Note that an employer generally cannot modify or terminate the employment for prohibited discriminatory reasons (such as racial discrimination), or in retaliation for certain protected actions (such as whistle-blowing). The situation you describe does not appear to constitute prohibited discrimination or retaliation.
    http://www.dol.gov/whd/flsa/
    http://www.twc.state.tx.us/news/efte/work_schedules.html

    2) Exempt Salaried Status: Contractors and exempt employees are not legally entitled to overtime wages, regardless of the number of hours they work. Non-exempt employees must be paid overtime wages in accordance with the requirements of the Federal Fair Labor Standards Act (“FLSA”). There are several criteria which apply to a determination of whether an employee is exempt or non-exempt. Here are links to web pages from the Texas Workforce Commissions and the US Department of Labor. These pages provide the standards used to determine if an employee is exempt from overtime. Maybe the information in these links will help you evaluate your situation.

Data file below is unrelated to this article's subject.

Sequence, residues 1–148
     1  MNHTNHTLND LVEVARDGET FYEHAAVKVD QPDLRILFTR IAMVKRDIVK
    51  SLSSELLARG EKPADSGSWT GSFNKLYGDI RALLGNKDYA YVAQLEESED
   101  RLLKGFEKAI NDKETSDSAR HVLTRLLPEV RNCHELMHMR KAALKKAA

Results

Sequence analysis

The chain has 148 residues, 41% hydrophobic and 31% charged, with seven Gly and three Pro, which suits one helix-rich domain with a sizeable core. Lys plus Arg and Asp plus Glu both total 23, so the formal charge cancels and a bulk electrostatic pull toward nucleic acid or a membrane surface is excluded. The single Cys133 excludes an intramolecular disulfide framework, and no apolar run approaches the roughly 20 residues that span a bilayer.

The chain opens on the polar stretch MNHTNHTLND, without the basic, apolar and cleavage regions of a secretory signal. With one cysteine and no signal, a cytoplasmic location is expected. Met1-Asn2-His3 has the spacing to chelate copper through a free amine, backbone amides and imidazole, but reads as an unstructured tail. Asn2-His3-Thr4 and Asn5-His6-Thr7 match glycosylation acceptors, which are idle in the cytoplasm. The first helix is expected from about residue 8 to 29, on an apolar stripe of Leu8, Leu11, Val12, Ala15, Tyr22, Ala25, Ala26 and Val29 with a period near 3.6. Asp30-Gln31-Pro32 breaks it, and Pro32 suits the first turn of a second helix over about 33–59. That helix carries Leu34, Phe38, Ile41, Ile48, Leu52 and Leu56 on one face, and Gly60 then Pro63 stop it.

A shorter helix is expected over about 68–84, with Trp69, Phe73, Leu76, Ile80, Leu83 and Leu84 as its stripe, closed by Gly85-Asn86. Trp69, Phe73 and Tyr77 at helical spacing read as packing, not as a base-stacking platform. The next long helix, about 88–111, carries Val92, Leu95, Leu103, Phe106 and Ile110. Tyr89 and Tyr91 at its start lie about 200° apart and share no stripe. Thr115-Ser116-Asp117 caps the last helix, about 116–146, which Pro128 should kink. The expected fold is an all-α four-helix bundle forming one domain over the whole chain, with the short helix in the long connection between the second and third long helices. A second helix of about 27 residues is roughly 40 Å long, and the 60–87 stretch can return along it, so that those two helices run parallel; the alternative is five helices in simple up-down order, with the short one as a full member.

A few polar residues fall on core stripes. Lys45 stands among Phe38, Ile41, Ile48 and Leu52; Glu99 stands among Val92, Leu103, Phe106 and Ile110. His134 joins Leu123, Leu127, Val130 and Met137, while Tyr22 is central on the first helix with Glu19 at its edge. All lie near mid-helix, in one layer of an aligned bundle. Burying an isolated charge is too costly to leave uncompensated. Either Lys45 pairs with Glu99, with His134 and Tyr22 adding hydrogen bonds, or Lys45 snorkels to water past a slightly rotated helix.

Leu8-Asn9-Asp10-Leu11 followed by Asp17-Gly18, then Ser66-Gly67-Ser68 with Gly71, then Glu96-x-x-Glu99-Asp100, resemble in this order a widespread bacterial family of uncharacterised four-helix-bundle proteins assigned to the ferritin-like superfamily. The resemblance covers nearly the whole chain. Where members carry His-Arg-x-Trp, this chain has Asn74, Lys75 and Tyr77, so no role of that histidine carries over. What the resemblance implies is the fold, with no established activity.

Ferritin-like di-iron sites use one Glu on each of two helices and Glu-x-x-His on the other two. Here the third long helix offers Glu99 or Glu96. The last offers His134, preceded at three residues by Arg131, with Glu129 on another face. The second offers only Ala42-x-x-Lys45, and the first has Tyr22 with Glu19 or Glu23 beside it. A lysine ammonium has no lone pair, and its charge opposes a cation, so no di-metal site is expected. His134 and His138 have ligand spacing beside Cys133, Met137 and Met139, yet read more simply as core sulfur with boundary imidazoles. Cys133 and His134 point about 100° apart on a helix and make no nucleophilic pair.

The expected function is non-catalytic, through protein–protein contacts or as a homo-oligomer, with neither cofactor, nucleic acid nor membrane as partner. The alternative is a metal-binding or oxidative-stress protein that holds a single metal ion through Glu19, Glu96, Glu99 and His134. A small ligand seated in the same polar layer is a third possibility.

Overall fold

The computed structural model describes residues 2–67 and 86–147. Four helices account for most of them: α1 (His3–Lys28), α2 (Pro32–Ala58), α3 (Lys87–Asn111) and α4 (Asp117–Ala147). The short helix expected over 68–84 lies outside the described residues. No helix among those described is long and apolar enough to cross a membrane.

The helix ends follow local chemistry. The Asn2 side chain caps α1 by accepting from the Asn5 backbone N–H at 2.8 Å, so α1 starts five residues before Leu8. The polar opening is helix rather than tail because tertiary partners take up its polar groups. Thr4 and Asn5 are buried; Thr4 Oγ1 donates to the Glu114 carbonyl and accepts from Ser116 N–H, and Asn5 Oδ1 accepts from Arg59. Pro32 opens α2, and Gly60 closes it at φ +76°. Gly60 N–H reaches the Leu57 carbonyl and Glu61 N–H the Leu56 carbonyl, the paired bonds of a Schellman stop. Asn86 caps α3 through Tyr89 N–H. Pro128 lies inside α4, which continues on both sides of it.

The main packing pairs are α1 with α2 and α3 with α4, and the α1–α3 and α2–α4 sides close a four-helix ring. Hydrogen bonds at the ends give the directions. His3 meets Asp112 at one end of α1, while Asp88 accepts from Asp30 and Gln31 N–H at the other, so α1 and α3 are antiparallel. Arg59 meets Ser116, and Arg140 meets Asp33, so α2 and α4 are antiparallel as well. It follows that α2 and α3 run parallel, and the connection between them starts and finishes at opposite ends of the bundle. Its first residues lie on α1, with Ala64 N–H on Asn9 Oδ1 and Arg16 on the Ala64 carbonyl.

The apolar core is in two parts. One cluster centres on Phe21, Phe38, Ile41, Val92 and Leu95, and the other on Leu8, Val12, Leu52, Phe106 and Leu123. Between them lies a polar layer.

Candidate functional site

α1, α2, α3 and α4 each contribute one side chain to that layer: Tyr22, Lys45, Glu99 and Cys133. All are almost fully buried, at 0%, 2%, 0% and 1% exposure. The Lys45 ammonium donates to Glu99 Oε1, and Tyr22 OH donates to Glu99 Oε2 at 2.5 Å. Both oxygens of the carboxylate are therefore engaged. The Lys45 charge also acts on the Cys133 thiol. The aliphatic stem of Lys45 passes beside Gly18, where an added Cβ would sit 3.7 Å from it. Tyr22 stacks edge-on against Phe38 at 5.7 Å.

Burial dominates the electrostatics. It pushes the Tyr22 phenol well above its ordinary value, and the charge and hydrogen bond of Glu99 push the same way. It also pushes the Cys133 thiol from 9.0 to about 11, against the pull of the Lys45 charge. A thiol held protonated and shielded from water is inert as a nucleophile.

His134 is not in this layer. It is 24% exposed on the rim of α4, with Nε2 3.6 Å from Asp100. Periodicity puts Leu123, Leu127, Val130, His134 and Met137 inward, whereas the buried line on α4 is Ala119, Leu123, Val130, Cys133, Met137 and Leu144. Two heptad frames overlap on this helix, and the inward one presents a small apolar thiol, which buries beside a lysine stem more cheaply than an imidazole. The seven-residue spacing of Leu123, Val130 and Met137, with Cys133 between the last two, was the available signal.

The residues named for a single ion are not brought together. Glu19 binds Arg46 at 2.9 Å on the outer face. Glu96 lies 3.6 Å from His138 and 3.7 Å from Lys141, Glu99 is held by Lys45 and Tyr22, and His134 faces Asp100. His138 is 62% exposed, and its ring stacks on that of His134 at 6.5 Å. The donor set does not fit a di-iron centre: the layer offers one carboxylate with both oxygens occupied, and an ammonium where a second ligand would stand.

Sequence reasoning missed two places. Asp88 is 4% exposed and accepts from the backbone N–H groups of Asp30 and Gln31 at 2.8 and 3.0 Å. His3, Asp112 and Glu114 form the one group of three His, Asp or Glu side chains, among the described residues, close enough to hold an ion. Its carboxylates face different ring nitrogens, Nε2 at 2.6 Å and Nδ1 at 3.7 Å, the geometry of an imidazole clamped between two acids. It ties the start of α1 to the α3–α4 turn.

http://www.twc.state.tx.us/news/efte/salary_test.html
    http://www.dol.gov/elaws/esa/flsa/screen75.asp
    If a non-exempt employee is denied overtime wages for hours worked in excess of 40 per week, that employee can file a claim for recovery of the unpaid overtime wages. The employee may also be able to recover certain liquidated damages (typically double the total underpaid wage amount) when an employer wrongfully fails to pay overtime wages. Here is a link to additional information relating to FLSA overtime claims.